Broken Business Model? Broken Promises

There is no local TV morning show in London anymore. 

Not in prime commuting time, anyway.  CTV shut down A Mornings immediately, putting 48 people out of work, one of them, a former colleague of mine at 680 News. 

Some myopic fool wrote on a media message board yesterday that nothing happens in a city the size of London that can’t be covered on an Ontario-wide news program.   An arrogant comment like that could only have come from someone in Toronto and it did, I checked.  One of the best things that’s happened to me since moving from TO (a city I have a lot of love for, by the way) is losing any shred of sense that it’s the centre of the universe.  I’ve lived in enough different cities to know that it truly isn’t but there’s an ego about Toronto and its longtime citizenry that leads it to believe that anything that happens outside of the GTA doesn’t matter. 

One of London’s finest features is that it’s far enough from the GTA to be self-reliant.  By comparison, it has been relatively untouched by whatever you want to call this current economic climate.  But CTV is determined to prove that the “business model for television is broken” and it wants to turn broadcast TV into a paid service.  It’s not for me to analyze from the outside but those are the facts.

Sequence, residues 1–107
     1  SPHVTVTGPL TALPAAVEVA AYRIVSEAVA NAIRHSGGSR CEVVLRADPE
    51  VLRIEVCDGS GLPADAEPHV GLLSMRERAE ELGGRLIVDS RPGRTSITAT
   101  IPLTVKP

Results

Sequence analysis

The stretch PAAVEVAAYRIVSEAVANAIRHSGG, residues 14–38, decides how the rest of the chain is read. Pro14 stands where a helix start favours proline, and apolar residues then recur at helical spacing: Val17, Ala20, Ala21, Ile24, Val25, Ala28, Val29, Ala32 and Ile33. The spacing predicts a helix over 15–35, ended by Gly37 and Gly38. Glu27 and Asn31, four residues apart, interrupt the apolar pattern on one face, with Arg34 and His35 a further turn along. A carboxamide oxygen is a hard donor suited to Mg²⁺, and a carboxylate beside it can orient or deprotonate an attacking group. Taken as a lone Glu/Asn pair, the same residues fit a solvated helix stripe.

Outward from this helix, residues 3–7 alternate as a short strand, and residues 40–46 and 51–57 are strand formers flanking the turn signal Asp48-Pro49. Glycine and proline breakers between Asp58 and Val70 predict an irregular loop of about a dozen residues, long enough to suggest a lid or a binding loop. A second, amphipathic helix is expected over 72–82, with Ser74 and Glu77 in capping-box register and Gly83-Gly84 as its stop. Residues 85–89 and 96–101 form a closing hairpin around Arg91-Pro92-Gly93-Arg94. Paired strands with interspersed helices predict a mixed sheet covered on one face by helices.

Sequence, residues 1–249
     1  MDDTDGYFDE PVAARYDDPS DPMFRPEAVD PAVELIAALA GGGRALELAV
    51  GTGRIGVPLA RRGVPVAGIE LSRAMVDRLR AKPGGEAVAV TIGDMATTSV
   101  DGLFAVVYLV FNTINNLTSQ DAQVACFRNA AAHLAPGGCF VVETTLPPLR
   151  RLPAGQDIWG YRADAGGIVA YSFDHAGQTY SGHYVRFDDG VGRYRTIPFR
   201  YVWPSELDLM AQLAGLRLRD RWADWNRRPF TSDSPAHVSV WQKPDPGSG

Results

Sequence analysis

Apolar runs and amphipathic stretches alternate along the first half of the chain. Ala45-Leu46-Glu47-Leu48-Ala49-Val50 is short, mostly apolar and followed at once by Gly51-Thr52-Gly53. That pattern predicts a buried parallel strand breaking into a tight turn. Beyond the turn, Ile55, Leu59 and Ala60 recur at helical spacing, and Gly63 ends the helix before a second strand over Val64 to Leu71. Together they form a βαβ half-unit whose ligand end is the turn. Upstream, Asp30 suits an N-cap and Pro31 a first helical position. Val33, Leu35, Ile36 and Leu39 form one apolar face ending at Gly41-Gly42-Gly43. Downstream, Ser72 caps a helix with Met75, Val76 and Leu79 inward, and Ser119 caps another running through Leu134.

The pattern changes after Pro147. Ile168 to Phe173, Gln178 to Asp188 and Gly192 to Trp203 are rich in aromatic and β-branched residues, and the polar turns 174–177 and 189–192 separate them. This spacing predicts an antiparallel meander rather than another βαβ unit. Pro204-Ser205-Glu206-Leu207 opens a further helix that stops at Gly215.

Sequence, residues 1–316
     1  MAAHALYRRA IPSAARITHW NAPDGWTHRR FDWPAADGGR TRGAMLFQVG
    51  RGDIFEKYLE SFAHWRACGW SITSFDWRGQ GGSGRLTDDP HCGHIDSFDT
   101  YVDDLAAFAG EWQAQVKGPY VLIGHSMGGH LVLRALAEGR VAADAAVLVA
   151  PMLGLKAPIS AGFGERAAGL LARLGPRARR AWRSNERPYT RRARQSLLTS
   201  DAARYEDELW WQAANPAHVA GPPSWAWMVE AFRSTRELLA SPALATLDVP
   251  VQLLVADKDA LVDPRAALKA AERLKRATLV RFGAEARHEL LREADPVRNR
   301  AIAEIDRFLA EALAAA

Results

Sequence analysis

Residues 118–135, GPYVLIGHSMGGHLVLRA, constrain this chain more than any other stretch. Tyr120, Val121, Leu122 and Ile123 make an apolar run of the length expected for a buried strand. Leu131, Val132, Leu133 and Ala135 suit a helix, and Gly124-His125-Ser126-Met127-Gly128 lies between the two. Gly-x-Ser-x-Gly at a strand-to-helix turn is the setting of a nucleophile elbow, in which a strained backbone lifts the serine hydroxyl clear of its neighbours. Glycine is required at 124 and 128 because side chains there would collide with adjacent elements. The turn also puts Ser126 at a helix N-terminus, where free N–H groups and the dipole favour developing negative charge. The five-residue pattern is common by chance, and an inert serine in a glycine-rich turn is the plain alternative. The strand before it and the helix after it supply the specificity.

A city of 300,000+ needs local coverage.  It needs its own daily newspaper and its own local broadcasters covering issues that matter locally, not just from a Toronto point of view.  An Ontario-wide newscast wouldn’t give a holler about what’s happening to the local festivals but it matters to those of us who live here.  This city does not live in Toronto’s shadow nor should it be defined by what Toronto thinks is important.    Perhaps instead of revolutionizing the business model, it’s time to return to local ownership because being part of a big network isn’t serving anyone’s purposes right now.